Pakistan rejects India’s efforts to portray ‘normalcy’ in IOK

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Our correspondent

ISLAMABAD

Pakistan “categorically rejected” Indian government’s attempts to portray a totally false impression of normalcy in India-Occupied Jammu and Kashmir (IOK) and said the territory continued to be the largest prison in the world with the heaviest deployment of Indian occupation forces.

In a statement issued on Sunday, the Foreign Office spokesperson said that despite the Indian government’s claims, occupied Kashmir was still under a lockdown while Kashmiri leaders remained under house arrest.

“Indian-occupied Jammu and Kashmir continues to be the largest prison in the world with the heaviest deployment of Indian occupation forces since the coercive, unilateral and illegal Indian actions of August 5, 2019 aimed at altering the internationally recognised disputed status of IOJ&K and changing its demographic structure to preempt the results of a UN plebiscite,” the statement read.

The Foreign Office also termed Indian reports that portrayed two farmers, who had inadvertently crossed the border in August, as terrorists as a “farcical attempt”.

“This was despite the fact that the incident was discussed during the weekly military hotline contact between both sides on August 27, 2019 when Indian authorities acknowledged that they were inadvertent crossers and informed Pakistan that routine formalities are taking place after which they will be returned,” the spokesperson said.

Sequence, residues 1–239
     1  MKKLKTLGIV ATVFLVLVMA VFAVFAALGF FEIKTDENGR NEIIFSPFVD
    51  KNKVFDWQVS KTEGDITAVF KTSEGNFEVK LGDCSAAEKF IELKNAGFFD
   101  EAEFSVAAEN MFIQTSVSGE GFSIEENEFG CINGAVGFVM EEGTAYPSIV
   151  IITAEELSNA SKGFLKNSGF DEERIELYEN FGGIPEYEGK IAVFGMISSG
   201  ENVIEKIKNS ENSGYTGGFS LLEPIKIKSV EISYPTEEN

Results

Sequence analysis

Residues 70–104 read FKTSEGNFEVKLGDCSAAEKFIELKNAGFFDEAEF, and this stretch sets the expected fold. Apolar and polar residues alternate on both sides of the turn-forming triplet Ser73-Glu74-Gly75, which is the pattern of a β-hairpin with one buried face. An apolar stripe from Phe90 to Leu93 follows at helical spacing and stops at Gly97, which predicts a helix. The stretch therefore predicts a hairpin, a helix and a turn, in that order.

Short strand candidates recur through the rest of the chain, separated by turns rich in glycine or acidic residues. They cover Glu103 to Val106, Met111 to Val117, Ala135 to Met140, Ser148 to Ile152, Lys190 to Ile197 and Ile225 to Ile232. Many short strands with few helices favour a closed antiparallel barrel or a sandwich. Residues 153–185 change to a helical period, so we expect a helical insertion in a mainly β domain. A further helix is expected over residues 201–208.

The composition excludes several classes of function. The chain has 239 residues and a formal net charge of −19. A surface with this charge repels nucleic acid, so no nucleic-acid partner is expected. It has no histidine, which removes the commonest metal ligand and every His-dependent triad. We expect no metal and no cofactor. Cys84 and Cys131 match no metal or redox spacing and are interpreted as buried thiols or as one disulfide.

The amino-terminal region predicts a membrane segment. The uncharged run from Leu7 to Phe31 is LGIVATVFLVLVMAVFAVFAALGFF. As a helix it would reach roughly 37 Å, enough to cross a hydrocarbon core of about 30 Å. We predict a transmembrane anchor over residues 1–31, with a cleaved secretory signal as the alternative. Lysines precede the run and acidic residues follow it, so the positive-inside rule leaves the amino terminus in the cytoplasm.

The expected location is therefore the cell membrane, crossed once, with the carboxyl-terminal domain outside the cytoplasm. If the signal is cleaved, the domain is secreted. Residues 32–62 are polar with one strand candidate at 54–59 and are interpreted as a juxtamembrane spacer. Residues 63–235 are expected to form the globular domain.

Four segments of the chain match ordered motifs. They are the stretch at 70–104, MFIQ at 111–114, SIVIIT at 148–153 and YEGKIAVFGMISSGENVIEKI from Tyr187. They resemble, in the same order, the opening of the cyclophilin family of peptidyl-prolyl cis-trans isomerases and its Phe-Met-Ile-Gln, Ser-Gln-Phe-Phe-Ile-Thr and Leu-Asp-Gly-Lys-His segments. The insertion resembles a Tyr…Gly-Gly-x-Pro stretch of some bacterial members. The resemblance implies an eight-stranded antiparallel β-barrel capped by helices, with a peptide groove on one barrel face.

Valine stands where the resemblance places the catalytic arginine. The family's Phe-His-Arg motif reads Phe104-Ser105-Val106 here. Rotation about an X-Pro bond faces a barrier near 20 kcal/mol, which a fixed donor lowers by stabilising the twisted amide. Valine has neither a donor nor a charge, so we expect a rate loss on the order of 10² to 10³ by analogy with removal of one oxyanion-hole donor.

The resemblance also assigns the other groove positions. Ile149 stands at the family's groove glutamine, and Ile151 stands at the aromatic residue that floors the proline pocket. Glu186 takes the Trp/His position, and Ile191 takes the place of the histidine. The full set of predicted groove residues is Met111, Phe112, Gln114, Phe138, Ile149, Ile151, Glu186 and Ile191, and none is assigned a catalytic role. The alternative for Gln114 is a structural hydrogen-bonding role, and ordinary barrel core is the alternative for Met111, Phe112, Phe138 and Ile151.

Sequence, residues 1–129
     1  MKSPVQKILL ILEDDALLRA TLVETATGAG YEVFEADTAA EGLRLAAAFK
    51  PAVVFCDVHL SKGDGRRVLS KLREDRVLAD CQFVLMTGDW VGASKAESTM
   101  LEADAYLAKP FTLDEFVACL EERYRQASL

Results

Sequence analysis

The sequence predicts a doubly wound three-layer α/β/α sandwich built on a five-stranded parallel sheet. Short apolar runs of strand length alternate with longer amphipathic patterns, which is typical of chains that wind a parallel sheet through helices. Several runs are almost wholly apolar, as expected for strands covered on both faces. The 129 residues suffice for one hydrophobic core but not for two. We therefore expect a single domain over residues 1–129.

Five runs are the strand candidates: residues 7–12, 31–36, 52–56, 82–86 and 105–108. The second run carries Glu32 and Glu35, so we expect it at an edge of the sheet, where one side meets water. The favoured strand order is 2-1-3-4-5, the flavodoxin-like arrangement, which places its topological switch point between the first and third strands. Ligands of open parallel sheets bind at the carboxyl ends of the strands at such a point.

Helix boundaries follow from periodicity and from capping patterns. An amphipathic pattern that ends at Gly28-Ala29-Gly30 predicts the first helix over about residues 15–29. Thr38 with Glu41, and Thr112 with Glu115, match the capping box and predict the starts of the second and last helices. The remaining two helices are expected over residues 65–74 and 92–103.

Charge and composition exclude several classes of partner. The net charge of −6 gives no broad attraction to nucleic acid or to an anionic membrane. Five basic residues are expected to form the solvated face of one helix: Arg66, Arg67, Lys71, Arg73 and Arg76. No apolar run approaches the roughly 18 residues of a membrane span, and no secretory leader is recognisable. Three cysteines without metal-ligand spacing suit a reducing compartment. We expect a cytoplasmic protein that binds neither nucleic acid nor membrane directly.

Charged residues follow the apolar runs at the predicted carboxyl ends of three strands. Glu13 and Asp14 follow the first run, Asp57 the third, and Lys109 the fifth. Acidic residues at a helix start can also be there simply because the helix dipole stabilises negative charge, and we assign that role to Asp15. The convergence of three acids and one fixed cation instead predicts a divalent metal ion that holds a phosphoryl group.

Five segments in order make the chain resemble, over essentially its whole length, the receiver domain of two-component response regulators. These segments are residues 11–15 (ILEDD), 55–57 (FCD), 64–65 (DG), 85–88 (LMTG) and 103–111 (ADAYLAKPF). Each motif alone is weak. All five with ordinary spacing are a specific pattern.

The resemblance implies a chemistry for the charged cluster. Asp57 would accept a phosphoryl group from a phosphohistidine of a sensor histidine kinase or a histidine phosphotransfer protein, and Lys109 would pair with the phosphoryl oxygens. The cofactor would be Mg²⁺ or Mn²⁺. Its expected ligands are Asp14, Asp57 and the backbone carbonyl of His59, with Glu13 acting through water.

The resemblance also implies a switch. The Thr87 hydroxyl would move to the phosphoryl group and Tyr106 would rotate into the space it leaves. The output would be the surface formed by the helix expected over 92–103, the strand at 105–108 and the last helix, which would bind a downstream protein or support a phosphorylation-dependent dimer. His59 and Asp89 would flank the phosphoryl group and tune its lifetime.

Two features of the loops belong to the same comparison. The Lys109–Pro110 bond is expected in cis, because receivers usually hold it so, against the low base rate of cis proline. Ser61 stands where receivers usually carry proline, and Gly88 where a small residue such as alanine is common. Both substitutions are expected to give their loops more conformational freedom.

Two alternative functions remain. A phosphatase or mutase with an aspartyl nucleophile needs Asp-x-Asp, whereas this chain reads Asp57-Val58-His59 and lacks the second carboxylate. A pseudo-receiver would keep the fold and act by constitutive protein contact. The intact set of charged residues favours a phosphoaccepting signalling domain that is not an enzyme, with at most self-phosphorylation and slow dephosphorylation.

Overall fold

On August 21, two farmers in Azad Jammu and Kashmir, identified as Muhammad Nazeem, 21, and 30-year-old Khalil Ahmed, had unintentionally crossed the Line of Control near Hajipir while they were out for cutting grass.

The Foreign Office press release issued highlighted that Islamabad had “sensitised the international community” about India’s efforts to raise a false flag operation to divert attention from the situation in occupied Kashmir and blame Pakistan for “[India’s] indefensible actions”.

The statement also denounced “a false and fabricated story”, where Indian authorities had “blamed deaths of some Kashmiris in the occupied territory on ‘Pakistani militants’”.

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